OAKLAND, Calif. — Last month I spoke at a gathering of African-American technology professionals. I’m a transactional lawyer at a tech company and my husband is an engineer, so the industry is at the center of our lives. We have careers that allow us to help create products and tools our grandparents would never have thought were possible and to provide the kind of life for our family that they couldn’t have imagined. And it’s important to us to ensure that other people of color have a chance to contribute to the field and reap its benefits. With all those things on my mind, I left the conference energized and inspired by the ways in which tech is changing the world and the possibilities it holds for our community.
By Steven Aldrich & Bärí a. Williams
If companies are forward-thinking in their application of predictive analytics, AI, and machine learning they can make these technologies inclusive, and available and relevant to all people.
Discussing her work at Apple at an event last week about fighting racial injustice, Denise Young Smith, the company’s vice president of diversity and inclusion, said, “There can be 12 white, blue-eyed, blond men in a room and they’re going to be diverse, too, because they’re going to bring a different life experience and life perspective to the conversation.”
These African-American venture capitalists say it can be a struggle to get investors to fund the minority-led companies they’re excited about.
A Google engineer's manifesto reveals the tech industry is not against declining profit to protect its exclusive pool of employees.
Startups founded by women of color are overlooked by traditional (white male) investors, so they are creating their own opportunities.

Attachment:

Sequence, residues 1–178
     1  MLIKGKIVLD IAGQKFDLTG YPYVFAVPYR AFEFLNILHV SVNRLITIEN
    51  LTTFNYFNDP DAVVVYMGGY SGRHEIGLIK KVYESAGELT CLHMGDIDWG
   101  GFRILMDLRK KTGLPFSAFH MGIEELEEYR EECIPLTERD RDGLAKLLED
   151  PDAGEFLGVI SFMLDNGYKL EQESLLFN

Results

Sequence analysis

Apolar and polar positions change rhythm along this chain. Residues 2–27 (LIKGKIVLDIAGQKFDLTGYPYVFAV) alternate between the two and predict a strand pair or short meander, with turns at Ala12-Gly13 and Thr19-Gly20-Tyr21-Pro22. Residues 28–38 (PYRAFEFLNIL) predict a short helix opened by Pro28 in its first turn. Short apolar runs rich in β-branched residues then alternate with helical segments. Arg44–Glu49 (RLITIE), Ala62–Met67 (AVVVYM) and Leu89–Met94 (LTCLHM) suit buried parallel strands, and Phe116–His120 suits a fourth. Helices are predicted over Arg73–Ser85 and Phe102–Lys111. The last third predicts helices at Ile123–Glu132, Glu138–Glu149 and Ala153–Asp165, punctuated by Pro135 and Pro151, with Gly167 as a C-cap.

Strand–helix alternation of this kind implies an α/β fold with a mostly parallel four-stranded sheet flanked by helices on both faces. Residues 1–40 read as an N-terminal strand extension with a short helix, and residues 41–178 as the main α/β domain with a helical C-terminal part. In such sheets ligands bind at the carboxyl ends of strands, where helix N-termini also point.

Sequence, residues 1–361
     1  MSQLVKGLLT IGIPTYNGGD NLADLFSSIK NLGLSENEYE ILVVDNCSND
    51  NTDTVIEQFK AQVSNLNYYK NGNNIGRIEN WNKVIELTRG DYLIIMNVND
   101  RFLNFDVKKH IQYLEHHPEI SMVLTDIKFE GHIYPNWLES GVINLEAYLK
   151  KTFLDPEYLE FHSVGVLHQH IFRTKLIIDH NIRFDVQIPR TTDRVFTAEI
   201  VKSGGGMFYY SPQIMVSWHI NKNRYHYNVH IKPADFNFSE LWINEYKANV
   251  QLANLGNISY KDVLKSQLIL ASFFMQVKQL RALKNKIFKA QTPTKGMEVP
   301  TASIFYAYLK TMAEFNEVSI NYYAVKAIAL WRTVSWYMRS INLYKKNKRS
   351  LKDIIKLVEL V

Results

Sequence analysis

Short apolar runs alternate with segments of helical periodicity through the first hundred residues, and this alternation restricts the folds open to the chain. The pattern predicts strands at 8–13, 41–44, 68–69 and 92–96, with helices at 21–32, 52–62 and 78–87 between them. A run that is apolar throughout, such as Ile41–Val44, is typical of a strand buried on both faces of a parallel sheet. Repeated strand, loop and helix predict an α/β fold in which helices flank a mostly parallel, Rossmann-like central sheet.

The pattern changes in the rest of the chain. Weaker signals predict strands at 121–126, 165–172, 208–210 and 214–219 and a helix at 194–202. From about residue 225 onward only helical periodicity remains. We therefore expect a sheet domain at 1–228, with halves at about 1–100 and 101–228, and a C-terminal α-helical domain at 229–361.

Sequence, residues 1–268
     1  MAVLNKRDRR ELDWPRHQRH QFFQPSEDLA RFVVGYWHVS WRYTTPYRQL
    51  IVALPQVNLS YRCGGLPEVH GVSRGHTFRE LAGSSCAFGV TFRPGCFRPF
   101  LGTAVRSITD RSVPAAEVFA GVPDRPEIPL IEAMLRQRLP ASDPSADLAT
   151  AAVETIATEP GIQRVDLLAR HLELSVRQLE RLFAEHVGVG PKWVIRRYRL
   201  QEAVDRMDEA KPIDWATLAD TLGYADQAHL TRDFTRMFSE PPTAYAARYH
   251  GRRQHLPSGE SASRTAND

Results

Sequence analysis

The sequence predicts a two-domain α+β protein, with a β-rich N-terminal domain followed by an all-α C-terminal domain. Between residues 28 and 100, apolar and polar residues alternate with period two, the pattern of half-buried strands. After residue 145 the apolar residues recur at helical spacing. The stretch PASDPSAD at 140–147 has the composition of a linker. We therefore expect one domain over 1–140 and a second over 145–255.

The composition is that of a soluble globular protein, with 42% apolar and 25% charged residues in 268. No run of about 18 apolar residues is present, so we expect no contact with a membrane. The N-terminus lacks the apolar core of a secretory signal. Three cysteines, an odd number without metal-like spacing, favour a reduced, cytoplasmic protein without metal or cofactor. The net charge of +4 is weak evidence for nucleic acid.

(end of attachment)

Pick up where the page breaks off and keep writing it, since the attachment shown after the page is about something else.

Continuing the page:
WHEN MOST PEOPLE think about diversity, they think recruiting and hiring, and it ends there. They are mistaken.
BLACK WOMEN ARE THE MOST EDUCATED AND ENTREPRENEURIAL GROUP IN THE U.S., YET THEY RECEIVE LESS THAN 1% OF VC FUNDING.
It’s almost that time of year when America’s top tech companies release their annual reports offering the public a glimpse into the number of underrepresented employees across their ranks.While they offer a glance into how companies are faring in the diversity department, they don’t tell the full story.
These vital lessons resonated with me and they can help guide you, as well.
The beauty of the Black family, since arriving on these shores, has been multi-generational families and extended communities to comprise your village. Grandparents, in particular, are people you saw at least three times a week, if not everyday. The backbone of those families are Black women, and fabulous matriarchies. My lineage is no different. My grandmother was my favorite person on earth, and before beginning a nine-year battle with Alzheimer’s and succumbing in 2014, she imparted much wisdom.